They came from outer space--and you can have one! Genuine meteorites are now on sale in the Space Weather Store.
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SUBSIDING STORM: The intense geomagnetic storm of Oct. 24-25 (described below) has subsided and US skies are returning to normal. If you missed the show, don't worry. The Northern Lights will be back. For much of the past few years, the sun has been in a quiet state; but solar activity is cyclical and the sun appears to be waking up again. Forecasters expect new Solar Cycle 24 to peak in 2012-2013 with many more chances to see auroras in unfamiliar places. Aurora alerts: text, voice.
AURORAS IN THE USA: A coronal mass ejection (CME) hit Earth on Oct. 24th at approximately 1800 UT (2:00 pm EDT). The impact strongly compressed Earth's magnetic field, directly exposing geosynchronous satellites to solar wind plasma, and sparked an intense geomagnetic storm. As night fell over North America, auroras spilled across the Canadian border into the contiguous United States. A US Department of Defense satellite photographed the crossing:
"This shows the auroras on Oct. 25th at 0140 GMT," says Paul McCrone of the Fleet Numerical Meteorology and Oceanography Center in Monterey, California. He created the image using visual and infrared data from the Defense Meteorological Satellite Program's F18 polar orbiter. DMSP satellites carry low light cameras for nightime monitoring of moonlit clouds, city lights and auroras. Some of the auroras recorded by the F18 on Oct. 25th were as bright as the city lights underneath.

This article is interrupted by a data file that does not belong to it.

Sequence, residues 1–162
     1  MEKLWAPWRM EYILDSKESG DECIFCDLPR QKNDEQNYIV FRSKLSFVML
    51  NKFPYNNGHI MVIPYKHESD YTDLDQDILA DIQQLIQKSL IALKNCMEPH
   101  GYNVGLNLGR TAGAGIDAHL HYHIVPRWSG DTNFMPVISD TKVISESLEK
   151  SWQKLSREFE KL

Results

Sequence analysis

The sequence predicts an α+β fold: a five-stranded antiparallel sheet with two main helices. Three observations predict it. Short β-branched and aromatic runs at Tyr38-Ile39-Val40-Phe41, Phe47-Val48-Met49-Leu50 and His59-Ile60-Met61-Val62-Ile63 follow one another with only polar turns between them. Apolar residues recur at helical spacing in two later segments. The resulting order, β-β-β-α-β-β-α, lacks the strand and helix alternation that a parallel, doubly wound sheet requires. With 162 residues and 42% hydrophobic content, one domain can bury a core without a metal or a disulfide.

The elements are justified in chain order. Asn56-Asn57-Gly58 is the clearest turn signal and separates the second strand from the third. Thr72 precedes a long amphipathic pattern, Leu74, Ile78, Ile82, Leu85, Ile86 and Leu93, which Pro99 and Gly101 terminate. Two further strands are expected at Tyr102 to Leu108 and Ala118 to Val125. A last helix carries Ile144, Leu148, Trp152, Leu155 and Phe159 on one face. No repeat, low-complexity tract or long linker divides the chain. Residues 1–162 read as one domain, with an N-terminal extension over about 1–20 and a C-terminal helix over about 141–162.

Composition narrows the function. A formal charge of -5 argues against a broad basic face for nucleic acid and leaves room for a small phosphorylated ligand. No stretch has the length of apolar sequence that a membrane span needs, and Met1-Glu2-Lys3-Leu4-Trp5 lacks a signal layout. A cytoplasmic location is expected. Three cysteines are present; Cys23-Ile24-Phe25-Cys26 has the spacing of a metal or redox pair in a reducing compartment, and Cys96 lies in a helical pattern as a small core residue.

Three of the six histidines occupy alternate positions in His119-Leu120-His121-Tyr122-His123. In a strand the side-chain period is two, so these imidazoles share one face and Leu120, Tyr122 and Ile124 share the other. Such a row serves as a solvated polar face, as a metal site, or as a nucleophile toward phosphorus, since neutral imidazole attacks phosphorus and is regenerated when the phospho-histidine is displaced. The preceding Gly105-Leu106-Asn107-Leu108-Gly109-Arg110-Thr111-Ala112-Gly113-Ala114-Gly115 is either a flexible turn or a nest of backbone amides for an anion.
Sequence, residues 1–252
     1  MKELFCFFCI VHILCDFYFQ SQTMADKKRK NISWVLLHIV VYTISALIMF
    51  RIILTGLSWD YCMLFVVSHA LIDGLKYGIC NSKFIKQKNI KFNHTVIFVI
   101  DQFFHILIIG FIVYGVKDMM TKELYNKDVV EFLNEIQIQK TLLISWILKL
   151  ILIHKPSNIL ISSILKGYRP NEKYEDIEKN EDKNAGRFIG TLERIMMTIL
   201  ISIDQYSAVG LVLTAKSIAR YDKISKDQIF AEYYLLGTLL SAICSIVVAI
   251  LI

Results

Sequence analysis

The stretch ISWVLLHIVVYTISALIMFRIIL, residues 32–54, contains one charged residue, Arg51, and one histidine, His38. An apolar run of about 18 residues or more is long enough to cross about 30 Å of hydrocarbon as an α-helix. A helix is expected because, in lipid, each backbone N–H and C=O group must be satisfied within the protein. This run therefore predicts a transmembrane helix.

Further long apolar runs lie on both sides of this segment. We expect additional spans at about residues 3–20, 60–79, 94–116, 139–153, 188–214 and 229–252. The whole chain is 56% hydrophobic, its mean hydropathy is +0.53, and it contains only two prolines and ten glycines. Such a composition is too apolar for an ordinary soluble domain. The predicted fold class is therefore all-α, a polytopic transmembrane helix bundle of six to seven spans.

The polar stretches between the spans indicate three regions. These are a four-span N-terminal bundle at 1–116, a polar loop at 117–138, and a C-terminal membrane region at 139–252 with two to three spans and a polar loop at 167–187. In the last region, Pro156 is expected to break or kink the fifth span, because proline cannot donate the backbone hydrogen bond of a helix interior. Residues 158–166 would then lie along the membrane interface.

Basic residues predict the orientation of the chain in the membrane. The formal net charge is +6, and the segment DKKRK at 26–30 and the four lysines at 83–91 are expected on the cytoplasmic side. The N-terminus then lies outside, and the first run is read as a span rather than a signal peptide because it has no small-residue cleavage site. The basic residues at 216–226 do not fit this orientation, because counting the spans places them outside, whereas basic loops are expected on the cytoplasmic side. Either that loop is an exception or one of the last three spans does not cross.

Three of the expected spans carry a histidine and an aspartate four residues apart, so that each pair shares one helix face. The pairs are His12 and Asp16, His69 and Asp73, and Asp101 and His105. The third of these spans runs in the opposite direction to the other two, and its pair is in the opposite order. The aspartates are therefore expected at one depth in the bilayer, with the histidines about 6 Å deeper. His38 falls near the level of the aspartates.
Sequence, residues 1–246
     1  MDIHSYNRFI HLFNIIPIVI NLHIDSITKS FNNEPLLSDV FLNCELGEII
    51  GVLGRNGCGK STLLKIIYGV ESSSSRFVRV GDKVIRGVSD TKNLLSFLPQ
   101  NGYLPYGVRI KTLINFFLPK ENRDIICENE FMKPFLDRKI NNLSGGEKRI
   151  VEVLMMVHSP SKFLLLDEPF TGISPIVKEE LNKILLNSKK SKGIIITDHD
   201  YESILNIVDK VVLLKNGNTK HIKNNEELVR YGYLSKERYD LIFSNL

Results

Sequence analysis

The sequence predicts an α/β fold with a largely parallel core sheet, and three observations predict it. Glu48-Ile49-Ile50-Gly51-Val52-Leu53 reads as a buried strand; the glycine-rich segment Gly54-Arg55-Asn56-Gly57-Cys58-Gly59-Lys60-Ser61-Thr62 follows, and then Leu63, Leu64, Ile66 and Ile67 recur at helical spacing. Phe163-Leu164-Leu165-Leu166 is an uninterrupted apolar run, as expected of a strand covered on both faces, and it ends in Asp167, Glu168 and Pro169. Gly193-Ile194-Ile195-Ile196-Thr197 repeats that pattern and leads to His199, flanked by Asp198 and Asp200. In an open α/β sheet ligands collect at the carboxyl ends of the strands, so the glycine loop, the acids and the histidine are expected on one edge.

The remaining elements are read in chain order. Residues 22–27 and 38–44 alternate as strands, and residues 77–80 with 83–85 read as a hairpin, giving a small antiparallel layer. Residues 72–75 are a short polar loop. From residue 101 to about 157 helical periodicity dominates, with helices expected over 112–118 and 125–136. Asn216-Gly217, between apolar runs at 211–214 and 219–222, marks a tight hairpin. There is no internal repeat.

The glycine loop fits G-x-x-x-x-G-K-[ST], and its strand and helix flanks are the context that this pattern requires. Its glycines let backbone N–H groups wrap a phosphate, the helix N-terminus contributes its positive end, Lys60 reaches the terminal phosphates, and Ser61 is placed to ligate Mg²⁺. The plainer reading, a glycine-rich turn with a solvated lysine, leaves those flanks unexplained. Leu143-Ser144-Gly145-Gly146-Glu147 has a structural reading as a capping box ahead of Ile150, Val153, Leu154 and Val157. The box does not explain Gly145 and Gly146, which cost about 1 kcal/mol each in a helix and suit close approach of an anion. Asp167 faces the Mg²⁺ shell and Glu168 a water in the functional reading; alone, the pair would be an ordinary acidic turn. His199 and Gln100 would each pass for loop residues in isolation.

This "big picture" from orbit makes sense of what happened next. The bright band swept south and, before the night was over, auroras were sighted in more than thirty US states: Alabama, Wisconsin, New Mexico, Tennessee, Missouri, Illinois, Nebraska, Kentucky, North Carolina, Indiana, Oklahoma, Kansas, Iowa, Maryland, New York, Montana, Ohio, Colorado, Pennsylvania, Washington, Virginia, Texas, Arizona, Minnesota, Maine, Michigan, Montana, Oregon, Arkansas and California.
Many observers, especially in the deep south, commented on the pure red color of the lights they saw. These rare all-red auroras sometimes appear at low latitudes during intense geomagnetic storms. They occur some 300 to 500 km above Earth's surface and are not yet fully understood.
UPDATED: October 2011 Aurora Gallery
[previous Octobers: 2010, 2009, 2008, 2007, 2006, 2004, 2003, 2002]
THE INSTIGATING EXPLOSION: The CME that hit Earth's magnetic field on Oct. 24th left the sun almost two days earlier. It was propelled in our direction by an unstable magnetic filament, which erupted around 0100 UT on Oct. 22nd. This movie from the Solar and Heliospheric Observatory shows the cloud expanding toward Earth in the first hours after the explosion:
Traveling faster than two million mph, the cloud took about 41 hours to cross the sun-Earth divide. The CME was so geoeffective because it contained a knot of south-pointing magnetic fields. These fields partially cancelled Earth's north-pointing magnetic field at the equator, allowing solar wind plasma to penetrate deeply into Earth's magnetosphere. The rest, as they say in Alabama, is history.